Pfizer non-turnaround claims boss as victim

December 6, 2010

Pfizer’s boss Jeffrey Kindler has quit, saying he is tired—perhaps of impatient investors calling for him to step down. Kindler made one sensible big deal and some mistakes, but shareholders lost about 20 percent of their investment during his 4-1/2 year tenure. Even so, whether he jumped or was pushed it’s far too early to judge him.

The problem is pharma’s glacial timescale. Drug companies pour billions into research and development, yet the fruits aren’t evident for years. Pfizer’s most pressing concern is replacing revenue which will be lost in 2011 when patent protection expires on the company’s high cholesterol treatment Lipitor, which brought in $11 billion of revenue in 2009. The drug was first synthesized in 1985 by a company swallowed by Pfizer in 2000. And the research that led to this class of drugs was performed by a Japanese company in the early 1970s.

The slowness and uncertainty of any payoff from R&D is one reason drug group bosses like to buy other companies — as Kindler did with the $68 billion purchase of Wyeth. M&A activity brings growth and cost savings within an executive’s typical tenure. While it’s too early to assess fully the Wyeth deal, at least Kindler did it in early 2009 with the financial crisis still fresh, so he didn’t overpay. But the hidden costs of such deals may not appear until several years later. Size, for instance, seems to make firms less productive at discovering new drugs.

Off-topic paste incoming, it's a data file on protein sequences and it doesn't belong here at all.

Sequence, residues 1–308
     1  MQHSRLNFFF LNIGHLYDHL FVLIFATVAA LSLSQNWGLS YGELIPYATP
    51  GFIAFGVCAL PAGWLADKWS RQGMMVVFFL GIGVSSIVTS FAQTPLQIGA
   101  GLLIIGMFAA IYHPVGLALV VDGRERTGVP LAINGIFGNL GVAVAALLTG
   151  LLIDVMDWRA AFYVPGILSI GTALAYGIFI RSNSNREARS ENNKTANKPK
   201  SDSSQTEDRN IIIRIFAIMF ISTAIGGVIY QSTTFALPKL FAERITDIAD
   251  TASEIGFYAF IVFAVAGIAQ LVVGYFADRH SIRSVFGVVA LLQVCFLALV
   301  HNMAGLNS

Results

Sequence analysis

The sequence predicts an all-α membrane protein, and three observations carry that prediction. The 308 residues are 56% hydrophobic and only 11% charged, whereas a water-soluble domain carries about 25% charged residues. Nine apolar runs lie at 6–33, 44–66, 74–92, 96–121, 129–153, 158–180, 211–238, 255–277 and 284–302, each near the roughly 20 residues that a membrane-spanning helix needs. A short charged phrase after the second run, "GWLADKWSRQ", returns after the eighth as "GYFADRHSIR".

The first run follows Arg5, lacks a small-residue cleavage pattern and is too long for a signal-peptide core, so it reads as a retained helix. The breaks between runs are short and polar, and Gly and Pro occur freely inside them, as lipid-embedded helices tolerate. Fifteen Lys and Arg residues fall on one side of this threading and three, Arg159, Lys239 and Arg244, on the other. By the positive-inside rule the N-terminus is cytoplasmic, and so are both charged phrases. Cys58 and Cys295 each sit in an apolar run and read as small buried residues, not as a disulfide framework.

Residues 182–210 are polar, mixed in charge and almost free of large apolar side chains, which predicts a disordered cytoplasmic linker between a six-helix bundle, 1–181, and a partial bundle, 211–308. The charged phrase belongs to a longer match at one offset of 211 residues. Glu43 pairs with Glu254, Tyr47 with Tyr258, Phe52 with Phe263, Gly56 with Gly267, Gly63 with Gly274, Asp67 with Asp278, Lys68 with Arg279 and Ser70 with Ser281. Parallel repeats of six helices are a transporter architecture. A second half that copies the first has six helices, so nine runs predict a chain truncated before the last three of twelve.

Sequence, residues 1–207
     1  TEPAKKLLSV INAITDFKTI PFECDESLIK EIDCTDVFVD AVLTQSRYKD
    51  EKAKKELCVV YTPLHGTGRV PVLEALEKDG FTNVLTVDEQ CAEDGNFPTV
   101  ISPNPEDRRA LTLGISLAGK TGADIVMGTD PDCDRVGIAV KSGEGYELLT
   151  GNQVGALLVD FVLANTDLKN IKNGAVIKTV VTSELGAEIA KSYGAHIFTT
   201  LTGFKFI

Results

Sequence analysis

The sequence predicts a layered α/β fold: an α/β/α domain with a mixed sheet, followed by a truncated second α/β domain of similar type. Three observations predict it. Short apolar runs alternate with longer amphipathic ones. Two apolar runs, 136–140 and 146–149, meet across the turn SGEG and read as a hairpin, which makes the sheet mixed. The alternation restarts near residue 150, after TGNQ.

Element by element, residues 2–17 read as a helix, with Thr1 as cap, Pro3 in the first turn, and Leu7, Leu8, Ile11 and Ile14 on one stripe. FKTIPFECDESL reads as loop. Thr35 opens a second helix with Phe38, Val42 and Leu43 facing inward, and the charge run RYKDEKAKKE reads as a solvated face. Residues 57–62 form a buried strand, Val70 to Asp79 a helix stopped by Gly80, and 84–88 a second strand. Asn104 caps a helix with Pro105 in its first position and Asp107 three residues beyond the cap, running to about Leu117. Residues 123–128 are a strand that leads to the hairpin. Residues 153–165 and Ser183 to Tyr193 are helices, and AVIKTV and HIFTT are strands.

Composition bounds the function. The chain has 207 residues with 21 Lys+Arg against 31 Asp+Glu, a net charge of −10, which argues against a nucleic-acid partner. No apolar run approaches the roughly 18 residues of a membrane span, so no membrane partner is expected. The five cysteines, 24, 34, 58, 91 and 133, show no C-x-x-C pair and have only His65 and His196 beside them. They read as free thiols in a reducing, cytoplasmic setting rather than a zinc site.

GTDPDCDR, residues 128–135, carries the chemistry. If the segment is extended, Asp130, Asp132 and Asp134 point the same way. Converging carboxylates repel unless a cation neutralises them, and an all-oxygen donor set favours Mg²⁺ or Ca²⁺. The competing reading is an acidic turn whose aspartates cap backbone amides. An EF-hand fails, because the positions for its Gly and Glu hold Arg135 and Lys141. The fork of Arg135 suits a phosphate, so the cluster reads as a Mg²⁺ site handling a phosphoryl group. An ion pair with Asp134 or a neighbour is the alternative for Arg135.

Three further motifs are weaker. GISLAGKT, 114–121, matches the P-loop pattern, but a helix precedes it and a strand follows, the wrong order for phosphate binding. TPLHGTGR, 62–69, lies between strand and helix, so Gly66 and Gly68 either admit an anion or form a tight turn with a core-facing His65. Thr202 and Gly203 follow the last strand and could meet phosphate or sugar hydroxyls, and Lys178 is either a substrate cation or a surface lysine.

When he was appointed, Kindler talked of rejuvenating Pfizer’s drug pipeline and tried to accomplish this by splitting R&D into smaller groups. There’s little sign of success as yet—but the process can take a decade or more, so in this case it’s the upside that may not be known for a long time.

Along the way, Kindler paid $225 million to acquire the rights to an allergy pill touted as an Alzheimer’s treatment based on trials performed in the unreliable Russia market. The drug bombed, one of several errors to hit his reputation with investors.

But in the end it may be the failure to turn around Pfizer’s share price that cost Kindler his corner office at the age of 55. The 57-year-old Ian Read, who replaces him, will now get his chance to create his legacy—out of his own and his predecessors’ actions.

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